- Split knobs and split holes add challenge when searching for interlocking pieces.
There are various factors that make a puzzle more easy or difficult to assemble.
- Piece count. The number of pieces in a puzzle impacts its difficulty. The more pieces in the puzzle, the more difficult the puzzle will be.
- The image. Some images naturally lend themselves to being more difficult puzzles than others. Images with many bright and varying colors are easier to assemble than those with large areas of the same color or an image with muted colors.
- Edges. Regular edges lend themselves to an easier puzzle, as many people start by isolating and assembling the edge, or frame, of the puzzle and work inwards from there. Irregular edges, false edge and corner pieces, split corners and trick edge pieces all make a puzzle more challenging to assemble.
- Special pieces and artistic cutting. Generally, the more special pieces that are included in the puzzle, the easier it is to assemble. Including more special pieces, and some types of artistic cutting which result in pieces with unique edges, make it easier to match to surrounding pieces. This provides a puzzler with “islands” of pieces that can then be fit together. Having fewer special pieces will make a puzzle more difficult.
- Cutting tricks. We can include as many or as few tricks as you’d like. The more tricks, the more difficult the puzzle will be to assemble.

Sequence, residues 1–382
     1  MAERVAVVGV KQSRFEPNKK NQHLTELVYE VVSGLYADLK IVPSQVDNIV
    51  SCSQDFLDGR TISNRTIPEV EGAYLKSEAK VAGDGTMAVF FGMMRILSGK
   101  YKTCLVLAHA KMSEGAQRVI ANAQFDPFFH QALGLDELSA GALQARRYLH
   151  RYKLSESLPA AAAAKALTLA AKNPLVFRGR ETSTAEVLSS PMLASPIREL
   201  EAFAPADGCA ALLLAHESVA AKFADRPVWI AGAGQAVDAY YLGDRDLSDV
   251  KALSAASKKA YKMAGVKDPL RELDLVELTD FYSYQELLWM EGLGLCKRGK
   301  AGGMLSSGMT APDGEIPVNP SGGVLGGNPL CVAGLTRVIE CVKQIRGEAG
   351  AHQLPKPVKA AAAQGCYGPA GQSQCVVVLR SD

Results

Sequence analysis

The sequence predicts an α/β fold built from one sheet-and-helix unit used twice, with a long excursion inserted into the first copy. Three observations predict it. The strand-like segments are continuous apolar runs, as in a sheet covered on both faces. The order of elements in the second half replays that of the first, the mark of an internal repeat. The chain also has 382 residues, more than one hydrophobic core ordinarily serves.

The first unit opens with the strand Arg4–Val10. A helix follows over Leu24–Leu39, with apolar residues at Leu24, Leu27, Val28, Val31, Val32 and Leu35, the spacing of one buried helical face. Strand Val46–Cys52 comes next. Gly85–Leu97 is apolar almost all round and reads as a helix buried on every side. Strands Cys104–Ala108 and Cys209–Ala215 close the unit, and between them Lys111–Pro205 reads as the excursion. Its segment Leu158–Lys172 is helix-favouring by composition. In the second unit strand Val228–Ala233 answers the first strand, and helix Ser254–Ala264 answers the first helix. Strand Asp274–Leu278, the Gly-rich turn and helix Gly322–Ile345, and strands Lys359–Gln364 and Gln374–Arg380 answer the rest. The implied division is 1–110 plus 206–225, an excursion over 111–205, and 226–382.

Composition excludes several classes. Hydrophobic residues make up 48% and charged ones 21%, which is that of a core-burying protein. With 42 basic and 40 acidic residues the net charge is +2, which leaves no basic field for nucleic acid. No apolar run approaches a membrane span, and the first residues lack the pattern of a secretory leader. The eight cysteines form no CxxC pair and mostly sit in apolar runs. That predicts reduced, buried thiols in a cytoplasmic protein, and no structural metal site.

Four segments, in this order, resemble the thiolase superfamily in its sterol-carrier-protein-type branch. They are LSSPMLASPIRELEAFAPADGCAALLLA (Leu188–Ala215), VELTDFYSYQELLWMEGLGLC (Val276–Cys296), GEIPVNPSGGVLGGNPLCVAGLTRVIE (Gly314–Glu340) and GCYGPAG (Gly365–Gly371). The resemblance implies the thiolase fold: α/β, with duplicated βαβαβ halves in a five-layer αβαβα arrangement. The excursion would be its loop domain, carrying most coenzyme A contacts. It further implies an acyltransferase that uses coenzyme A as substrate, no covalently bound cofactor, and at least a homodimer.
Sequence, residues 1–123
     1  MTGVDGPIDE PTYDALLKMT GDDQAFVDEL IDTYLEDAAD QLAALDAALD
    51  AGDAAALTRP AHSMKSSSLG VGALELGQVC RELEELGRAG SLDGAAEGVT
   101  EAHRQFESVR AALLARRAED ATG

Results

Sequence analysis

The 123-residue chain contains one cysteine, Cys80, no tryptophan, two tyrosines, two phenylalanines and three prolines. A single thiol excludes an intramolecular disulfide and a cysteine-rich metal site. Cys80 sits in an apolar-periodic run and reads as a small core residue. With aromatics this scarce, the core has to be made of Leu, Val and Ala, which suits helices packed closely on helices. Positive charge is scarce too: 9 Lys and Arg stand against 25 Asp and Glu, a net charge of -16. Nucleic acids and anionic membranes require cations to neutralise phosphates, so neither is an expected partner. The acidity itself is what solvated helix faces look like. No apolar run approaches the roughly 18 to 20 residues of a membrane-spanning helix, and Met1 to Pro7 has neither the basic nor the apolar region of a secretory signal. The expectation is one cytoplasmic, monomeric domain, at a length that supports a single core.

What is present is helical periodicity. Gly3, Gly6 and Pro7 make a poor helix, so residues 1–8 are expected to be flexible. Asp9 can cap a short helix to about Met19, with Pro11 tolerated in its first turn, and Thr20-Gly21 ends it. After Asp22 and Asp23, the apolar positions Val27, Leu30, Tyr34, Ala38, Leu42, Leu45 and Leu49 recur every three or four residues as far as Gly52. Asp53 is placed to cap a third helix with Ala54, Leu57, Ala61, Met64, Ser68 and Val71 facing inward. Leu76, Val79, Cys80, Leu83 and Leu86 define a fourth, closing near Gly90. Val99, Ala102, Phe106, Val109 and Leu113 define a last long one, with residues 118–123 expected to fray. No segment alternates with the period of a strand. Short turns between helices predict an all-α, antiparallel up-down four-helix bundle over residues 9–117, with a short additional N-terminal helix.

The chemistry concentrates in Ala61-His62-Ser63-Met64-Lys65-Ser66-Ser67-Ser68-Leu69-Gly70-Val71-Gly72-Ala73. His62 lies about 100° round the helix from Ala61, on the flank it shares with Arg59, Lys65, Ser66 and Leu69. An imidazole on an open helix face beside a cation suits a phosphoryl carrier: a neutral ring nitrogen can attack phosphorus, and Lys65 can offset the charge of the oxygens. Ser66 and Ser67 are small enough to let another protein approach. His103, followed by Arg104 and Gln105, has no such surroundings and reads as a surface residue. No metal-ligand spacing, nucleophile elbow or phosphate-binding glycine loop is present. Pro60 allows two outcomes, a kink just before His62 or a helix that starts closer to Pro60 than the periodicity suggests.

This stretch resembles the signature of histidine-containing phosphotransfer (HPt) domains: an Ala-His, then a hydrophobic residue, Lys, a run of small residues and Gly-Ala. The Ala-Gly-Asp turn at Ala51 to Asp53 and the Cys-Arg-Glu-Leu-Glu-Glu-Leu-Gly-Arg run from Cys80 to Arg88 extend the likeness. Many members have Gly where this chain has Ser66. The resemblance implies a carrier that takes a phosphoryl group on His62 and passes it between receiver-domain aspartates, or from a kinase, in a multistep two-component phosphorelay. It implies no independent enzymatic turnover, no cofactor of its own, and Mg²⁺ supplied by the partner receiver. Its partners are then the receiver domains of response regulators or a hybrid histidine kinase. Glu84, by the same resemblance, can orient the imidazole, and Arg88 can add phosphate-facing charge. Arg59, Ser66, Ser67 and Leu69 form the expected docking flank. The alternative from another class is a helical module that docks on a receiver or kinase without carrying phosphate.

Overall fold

- Assembly approach. In keeping with the tradition of puzzle artisans from 100 years ago, we do not provide a picture with the puzzles we craft. Assembling the puzzle “blind” is more difficult than while using a picture for reference. Blind assembly is purely a personal preference, and some puzzlers ask to have a picture included with the puzzles they order.
Our quality heirloom puzzles are made out of ¼” thick, 5-ply African Okoume wood.
A highly skilled cutter studies the customer’s puzzle request and then designs detailed “special pieces” to suit each individual puzzle and customer.
Using a scroll saw with a very fine blade, each puzzle is cut by hand, piece by piece using all the clever techniques each cutter has mastered over decades of experience to create an interesting puzzle. Not only is every puzzle completely unique, every single piece of every puzzle is completely unique.
All puzzles are then sanded, waxed, counted, and boxed.
We pride ourselves in treating each puzzle with great care. Be sure to look for each cutter’s signature piece in your puzzle!
Yes, with great care and skill. To do so, we require the surrounding pieces of the missing or damaged piece to be provided to us. This creates a ‘frame’ around the area that allows us to recreate a piece.
We ask that you place no tape, glue or other adhesive to the surrounding puzzle pieces. A safe way to send the surrounding pieces to us is to sandwich them between pieces of cardboard that are secured by a rubber band.
As creating replacement pieces is quite labor intensive, we charge $79 per piece to do so. You can place an order for a replacement piece here.
Place an order for a replacement piece using this link: replacement piece. In your cart or during checkout, type the certificate number in the area for “coupons” to receive your free replacement.
You may store your gift certificate credit in your account at waterfordpuzzles.com by either clicking on the link in the email you received or by entering the 16 digit gift certificate number under “add a gift card” in the Gift Card section of your Account.
Stored gift certificates can be applied to purchases at checkout.
If you have not stored your gift certificate, you may enter its 16 digit number in checkout before finalizing your purchase.
In keeping with the original jigsaw puzzle tradition, we don’t include the puzzle image with the puzzle.
If you would like a picture mailed to you, click here.